Successful Initial Testing!

A project log for Mesh Network Soil Moisture Sensor

Solar-charged mesh network soil moisture sensor utilizing the ESP32

colin-mcallisterColin McAllister 12/11/2018 at 20:320 Comments

After many hours I can proudly say that I have a functional prototype!   Several days were spent getting all of the components on the board working properly and working towards the point where the soil probe board is programmable.

Thankfully not many issues were encountered getting the programmer board working.  The first board I populated did have an issue with a defective transistor for the ESP32's autoprogrammer.  The two transistors on the board toggled the enable and io0 pins on the ESP32, triggering the ESP32 to enter bootloader mode.  The defective transistor was not pulling the io0 pin all the way down.  This issue was found by trying to use the programmer board to program the ESP32 DevkitC I had.  This allowed me to test the programmer without having the soil probe board acting as a random variable.  The transistor issue was diagnosed with an oscilloscope.  When I tried to remove the defective transistor, I accidentally ripped off one of its pads, ruining the board.  Thankfully I had a couple extra boards and was able to populate a second board that worked properly.

The next issue I found was I made the classic mistake of not swapping the Tx and Rx pins between the programmer and soil probe, connecting Tx to Tx and Rx to Rx.  To solve this mistake I made a wire bus and crossed the two wires.  I will plan to permanently fix this issue in the next soil probe revision.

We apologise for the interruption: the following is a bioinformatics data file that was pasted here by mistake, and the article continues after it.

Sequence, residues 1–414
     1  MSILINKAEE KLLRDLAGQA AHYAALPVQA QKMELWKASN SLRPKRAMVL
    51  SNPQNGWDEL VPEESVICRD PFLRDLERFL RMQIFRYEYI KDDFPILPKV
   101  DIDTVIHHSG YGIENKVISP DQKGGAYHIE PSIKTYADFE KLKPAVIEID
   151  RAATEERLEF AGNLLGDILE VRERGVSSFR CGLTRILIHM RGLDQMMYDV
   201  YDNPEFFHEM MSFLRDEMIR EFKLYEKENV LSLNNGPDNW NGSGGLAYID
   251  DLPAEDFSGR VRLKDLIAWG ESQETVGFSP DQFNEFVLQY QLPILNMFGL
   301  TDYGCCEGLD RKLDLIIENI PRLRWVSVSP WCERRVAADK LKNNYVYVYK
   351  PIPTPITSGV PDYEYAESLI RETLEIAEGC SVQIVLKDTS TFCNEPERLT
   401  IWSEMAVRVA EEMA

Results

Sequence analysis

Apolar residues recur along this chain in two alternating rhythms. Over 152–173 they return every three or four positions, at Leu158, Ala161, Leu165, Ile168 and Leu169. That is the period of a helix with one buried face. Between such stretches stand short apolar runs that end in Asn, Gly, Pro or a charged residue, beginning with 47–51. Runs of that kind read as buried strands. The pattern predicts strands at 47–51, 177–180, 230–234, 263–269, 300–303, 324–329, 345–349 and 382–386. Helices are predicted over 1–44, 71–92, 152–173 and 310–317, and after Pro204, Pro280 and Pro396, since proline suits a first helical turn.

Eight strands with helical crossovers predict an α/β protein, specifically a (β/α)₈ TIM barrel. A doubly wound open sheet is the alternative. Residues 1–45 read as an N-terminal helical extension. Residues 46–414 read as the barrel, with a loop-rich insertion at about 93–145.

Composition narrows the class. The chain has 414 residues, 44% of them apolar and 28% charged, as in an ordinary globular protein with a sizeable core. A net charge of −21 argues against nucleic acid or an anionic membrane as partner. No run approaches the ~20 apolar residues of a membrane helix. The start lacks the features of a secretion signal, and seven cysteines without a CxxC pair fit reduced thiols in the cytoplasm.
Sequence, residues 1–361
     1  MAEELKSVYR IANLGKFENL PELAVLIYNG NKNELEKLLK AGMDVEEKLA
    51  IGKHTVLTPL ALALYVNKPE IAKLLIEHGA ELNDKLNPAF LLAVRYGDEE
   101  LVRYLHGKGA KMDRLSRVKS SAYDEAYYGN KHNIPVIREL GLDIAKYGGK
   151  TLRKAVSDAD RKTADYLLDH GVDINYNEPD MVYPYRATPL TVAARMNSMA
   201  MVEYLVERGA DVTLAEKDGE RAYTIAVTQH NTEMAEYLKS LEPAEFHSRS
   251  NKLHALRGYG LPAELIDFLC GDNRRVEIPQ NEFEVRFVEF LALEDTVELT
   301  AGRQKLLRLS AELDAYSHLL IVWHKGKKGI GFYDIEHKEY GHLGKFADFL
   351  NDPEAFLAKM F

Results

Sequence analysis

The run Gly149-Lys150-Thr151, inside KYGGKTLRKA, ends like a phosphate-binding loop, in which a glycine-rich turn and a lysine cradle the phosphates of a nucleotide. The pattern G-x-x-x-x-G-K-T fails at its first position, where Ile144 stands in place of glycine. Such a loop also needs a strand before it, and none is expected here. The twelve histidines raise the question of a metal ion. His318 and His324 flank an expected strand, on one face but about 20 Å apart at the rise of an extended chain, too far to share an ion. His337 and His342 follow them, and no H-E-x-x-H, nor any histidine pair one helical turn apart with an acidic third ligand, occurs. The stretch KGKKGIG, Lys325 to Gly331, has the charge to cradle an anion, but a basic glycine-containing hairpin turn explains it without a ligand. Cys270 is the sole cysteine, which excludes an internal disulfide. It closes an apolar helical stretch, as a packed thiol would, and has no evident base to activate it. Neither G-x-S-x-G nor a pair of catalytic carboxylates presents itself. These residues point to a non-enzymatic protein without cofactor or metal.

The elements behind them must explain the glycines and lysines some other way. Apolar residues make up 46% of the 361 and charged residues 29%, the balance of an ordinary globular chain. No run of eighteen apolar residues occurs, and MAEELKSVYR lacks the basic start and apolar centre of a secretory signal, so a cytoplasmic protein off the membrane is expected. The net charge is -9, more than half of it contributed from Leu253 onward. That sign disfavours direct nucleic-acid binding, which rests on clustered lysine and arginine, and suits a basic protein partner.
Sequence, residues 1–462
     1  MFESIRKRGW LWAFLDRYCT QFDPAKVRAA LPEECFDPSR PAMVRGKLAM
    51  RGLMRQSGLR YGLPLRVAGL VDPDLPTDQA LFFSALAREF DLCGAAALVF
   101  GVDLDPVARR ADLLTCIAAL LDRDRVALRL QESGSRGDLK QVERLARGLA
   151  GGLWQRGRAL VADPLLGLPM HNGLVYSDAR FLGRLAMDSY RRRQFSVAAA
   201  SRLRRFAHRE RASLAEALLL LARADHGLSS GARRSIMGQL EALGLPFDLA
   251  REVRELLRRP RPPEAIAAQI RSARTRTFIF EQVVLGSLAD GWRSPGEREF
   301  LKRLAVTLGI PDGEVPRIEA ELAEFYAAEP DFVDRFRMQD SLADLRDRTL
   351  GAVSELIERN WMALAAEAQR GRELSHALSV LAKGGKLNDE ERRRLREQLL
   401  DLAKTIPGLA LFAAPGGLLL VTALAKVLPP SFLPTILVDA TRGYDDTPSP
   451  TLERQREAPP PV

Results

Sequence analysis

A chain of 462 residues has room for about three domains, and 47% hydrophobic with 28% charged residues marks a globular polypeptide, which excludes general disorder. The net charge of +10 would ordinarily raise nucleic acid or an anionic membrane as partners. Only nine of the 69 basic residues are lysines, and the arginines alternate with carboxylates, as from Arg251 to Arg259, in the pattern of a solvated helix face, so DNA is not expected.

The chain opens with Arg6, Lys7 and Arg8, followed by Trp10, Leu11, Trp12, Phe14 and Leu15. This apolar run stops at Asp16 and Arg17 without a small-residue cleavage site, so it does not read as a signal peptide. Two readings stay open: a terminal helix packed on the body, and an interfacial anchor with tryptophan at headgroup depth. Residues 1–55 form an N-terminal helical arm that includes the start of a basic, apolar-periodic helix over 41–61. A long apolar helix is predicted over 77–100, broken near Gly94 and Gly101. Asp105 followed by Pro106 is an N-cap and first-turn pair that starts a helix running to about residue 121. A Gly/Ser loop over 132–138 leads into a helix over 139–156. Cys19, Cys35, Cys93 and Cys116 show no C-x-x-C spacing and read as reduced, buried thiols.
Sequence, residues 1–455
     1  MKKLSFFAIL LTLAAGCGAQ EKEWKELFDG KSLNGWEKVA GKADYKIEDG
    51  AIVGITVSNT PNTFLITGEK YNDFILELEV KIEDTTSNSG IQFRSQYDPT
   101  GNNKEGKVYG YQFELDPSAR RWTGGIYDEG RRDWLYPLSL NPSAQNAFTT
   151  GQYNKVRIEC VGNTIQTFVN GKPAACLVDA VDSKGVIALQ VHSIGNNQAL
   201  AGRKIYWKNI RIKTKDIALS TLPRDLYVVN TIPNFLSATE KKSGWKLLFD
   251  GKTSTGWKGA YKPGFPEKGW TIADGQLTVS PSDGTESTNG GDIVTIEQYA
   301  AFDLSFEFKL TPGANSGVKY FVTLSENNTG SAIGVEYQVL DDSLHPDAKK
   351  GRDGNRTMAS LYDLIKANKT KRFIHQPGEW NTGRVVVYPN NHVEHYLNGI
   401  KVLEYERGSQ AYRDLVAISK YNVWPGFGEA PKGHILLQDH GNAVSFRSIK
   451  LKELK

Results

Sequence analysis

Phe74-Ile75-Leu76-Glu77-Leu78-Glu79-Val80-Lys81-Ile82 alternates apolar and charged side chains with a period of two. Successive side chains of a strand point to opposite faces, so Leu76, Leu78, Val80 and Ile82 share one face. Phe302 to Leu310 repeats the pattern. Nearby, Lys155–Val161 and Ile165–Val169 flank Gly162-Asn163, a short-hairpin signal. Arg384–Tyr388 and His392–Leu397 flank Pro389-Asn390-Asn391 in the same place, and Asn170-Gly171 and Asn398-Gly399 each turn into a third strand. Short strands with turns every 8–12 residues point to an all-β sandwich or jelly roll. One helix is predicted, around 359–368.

The most frustrating problems I encountered were on the soil probe board.  The first problem came from an improperly soldered switch mode power supply (SMPS).  After populating the soil probe, I noticed from the test points that the battery management controller was working properly, but its output voltage was not regulated by the SMPS.  Using my multimeter to check for continuity issues or solder bridges, I found that two pins were not properly seated and connected to one side of the inductor.  Using a hot air rework station, I was able to properly re-seat the component.  Probing the board again showed that the correct voltage was now being output from the SMPS.

Excited as I thought this would be the only issue, I was disappointed to find that my board was still not able to program.  Another setback was encountered when I improperly connected the soil probe to the programmer, reversing the polarity and frying the battery management controller.  After swapping out the battery management controller with a new component, I was still having issues.

I checked that both the enable and io0 pins were toggling properly, the TX and RX pins were correctly connected between the USB to UART chip and the ESP32, and any other possible issues.

The final issue was found after watching the incoming serial debug messages coming from the ESP32.  I saw that the device was able to enter some type of bootloader mode, but was unable to be programmed by the ESP-IDF.  After reading the documentation online, I found my mistake.  When designing the board, I allocated io2 on the ESP32 as the pin to receive interrupts from the real-time clock (RTC).  The RTC's interrupt pin is configured to act as a drain, and I used a pull-up resistor with the pin.  The problem I found in the documentation stated that io2 must be held low to enter serial programming mode.  Testing if this was my issue, I soldered a wire to connect io2 to ground.  Sure enough, the board programmed correctly!

This goes to show that you should always read all the documentation and be careful with your pin assignments!

Will give another update soon documenting how well the board works once the final code is programmed on the board.